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Want to Lease my car washes

washallday

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LEASEING CAR WASH INPUT PLEASE

I am thinking of leasing my car washes and would like some input and wisdom. Has anyone done this or looked into it. At this time if I sell them outright capital gains would kill me. I was thinking of a triple net lease. I am willing to do lease to own. Not sure how to determine what the monthly lease amount should be??
 

chaz

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No clue.
But I know with my car wash the ultimate exit plan will be the land value...so I don’t think I’d ever want to be leasing.

the other thing that comes to mind if u lease or lease to own...there’s the risk the guy runs the place into the ground and then leaves u a mess to deal with and need to rebuild biz.

...my thoughts
 

washallday

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Leasing is just like anything else u need to select the right person and keep an eye on what they are doing and have items in the lease that cover you if they are not taking care of the property or wash so you can take it back. I was thinking Leasing is a way to defer the capital gains until something changes or until my situation changes to help with the tax consequences. Years ago I leased to own two rental properties and that worked out great for me and the seller. I will look into the 1031 exchange. The reason for doing this is because I want to become a snow bird.
 

tdlconceptsllc

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Why not Owner Fianance them to someone and also make money on the interest? Would be a excellent time to offer this with the Covid19 the Banks are overwheelmed with Loans to the public. Also I hear now on a 1031 you have to have the other real estate deal lined up prior to take place same transaction no more time frame. I don't know how true that is.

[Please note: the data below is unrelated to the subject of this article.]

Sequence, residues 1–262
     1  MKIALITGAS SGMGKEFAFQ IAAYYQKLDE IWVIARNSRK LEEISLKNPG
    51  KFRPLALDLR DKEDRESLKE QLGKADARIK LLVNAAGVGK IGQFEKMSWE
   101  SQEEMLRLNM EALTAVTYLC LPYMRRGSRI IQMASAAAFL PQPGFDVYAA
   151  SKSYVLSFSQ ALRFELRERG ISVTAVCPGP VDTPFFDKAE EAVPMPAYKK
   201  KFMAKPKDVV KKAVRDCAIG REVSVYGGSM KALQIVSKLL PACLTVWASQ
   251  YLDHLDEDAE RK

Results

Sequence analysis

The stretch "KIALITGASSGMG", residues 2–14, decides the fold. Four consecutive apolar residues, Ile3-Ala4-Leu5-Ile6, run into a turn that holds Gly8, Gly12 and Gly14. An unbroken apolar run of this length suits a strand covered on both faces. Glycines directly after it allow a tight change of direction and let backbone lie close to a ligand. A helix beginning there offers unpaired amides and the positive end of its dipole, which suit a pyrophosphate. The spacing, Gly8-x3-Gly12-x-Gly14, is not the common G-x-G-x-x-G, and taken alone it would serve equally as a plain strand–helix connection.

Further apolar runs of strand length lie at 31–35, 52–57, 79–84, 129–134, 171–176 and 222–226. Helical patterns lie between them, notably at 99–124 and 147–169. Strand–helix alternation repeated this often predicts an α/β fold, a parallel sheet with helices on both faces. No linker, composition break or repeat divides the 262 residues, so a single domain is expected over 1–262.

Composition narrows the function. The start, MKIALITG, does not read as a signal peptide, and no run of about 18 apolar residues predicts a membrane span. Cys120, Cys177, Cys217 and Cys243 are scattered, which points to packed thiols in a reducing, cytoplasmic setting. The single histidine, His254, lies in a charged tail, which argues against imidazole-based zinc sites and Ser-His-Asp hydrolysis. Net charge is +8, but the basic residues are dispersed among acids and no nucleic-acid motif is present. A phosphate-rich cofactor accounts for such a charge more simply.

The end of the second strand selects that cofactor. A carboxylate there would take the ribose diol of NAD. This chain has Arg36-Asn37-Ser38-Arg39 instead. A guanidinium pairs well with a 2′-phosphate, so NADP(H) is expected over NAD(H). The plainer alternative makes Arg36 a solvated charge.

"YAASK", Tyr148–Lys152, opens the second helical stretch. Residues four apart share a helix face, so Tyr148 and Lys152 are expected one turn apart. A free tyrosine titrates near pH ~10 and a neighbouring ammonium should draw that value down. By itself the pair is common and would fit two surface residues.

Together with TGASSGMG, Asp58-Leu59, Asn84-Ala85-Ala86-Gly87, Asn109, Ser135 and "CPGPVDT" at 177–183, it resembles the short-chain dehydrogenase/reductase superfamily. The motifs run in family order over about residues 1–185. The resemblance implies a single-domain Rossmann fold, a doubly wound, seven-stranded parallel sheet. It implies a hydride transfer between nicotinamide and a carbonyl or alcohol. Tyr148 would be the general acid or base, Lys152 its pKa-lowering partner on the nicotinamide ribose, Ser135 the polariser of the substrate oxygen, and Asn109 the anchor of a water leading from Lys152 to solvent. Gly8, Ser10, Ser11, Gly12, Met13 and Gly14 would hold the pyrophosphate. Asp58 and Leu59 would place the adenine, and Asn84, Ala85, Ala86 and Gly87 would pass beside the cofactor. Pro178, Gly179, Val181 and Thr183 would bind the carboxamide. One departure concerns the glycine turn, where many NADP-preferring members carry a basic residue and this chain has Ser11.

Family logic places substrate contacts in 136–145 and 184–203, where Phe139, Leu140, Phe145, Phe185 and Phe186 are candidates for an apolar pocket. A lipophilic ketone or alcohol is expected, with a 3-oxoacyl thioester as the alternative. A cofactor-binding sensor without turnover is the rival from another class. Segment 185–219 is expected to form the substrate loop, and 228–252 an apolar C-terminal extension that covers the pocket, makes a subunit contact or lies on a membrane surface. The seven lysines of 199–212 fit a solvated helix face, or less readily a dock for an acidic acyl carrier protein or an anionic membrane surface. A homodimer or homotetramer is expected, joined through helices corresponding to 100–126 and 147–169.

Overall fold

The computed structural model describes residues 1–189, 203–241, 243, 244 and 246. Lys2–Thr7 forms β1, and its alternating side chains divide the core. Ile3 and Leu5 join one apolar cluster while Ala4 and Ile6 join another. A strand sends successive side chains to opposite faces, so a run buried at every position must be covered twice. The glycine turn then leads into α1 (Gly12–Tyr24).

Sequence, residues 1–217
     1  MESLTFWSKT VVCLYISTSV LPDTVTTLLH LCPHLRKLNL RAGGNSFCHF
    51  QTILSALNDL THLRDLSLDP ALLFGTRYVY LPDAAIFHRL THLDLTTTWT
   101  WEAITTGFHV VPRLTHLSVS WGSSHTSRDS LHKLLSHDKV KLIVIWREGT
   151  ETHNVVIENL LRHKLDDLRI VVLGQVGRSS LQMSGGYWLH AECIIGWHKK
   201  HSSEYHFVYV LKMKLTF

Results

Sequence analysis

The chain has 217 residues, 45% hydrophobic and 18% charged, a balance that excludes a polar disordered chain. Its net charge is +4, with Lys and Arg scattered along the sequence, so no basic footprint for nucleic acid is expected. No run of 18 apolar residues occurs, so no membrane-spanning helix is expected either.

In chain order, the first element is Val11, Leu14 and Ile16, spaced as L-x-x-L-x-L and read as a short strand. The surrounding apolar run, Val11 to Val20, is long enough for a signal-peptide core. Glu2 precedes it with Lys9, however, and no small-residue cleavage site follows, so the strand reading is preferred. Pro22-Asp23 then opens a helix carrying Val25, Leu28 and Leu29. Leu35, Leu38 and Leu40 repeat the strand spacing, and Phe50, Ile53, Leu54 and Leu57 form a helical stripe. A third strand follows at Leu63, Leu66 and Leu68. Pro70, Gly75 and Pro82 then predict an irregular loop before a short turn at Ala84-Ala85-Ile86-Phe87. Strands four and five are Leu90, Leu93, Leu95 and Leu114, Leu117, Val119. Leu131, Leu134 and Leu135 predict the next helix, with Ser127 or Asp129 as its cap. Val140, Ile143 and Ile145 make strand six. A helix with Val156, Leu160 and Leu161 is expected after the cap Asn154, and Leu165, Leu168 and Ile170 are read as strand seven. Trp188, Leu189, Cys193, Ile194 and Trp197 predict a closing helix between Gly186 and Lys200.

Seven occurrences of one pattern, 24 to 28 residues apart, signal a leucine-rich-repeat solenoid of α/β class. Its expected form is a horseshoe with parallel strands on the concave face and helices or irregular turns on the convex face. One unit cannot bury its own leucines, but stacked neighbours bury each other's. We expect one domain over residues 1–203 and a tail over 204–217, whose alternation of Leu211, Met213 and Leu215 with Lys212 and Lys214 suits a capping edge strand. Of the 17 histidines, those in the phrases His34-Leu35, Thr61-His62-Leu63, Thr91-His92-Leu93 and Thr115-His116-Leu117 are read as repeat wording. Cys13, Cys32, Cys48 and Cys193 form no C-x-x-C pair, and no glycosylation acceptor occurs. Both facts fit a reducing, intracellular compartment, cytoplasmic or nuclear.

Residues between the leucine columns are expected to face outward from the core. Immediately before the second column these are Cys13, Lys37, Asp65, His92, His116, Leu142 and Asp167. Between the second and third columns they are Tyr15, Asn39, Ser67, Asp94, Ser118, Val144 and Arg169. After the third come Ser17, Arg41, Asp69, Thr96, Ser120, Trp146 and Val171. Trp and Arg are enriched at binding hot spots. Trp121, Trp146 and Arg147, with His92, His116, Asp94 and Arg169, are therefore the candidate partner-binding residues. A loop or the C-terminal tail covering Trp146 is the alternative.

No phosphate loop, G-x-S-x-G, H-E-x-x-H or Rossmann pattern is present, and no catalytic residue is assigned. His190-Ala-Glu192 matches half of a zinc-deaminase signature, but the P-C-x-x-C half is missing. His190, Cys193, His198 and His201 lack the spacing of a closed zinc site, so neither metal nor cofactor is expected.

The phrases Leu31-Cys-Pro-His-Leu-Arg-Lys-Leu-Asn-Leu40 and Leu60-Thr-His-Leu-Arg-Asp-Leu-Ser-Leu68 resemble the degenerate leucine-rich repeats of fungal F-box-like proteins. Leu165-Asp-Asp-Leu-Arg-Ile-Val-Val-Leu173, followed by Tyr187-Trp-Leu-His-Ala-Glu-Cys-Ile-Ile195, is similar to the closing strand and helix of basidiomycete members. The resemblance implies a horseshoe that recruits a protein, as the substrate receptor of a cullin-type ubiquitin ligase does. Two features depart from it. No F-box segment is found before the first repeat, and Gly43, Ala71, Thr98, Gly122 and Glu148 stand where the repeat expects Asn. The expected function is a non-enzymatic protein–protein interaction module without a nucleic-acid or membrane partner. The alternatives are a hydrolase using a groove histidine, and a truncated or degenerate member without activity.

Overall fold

washallday

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I looked into the 1031 and it has to be liked property, I am not looking for another wash. Owner Financing it is hard to find someone with the down payment. I am not sure if you have to pay the capital gains right away, not sure how that works. I appreciate the ideas, keep them coming.
 

OurTown

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Talk to your CPA to find out all your tax liabilities for the various options.
 

Allen

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The Like Kind property does not have to be another identical property. It does have to be real property used for investment purposes.
After selling your property you must identify the replacement property within 45 days and close within 180 days. All funds go to an intermediary. Pretty sure it can even be a vacation home or condo used as a rental only. You can stay there no more than 14 days a year, but after a few years I think you may be able to convert it to your principle residence. I would ask an attorney or CPA who does a lot of 1031's and find an experienced intermediary.
I exchanged a farm and warehouse for two of my washes years ago and will probably do the same when I get out.

Owner financing is also a great way to go if you can get a pretty good down payment.
 

KleanRide

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I looked into the 1031 and it has to be liked property, I am not looking for another wash.
From what I've read it doesn't have to be another car wash. The definition of "like-kind" is fairly broad. Here's some text I copied from an investment website:

Many people believe that like-kind properties must be of the same size or type to qualify. But that's not true—different assets can be exchanged as long as they qualify. Primary or principal residences—which are for personal use for the most part—do not qualify and cannot be exchanged. Properties must be held for business or investment purposes. Here are a few examples of like-kind property exchanges: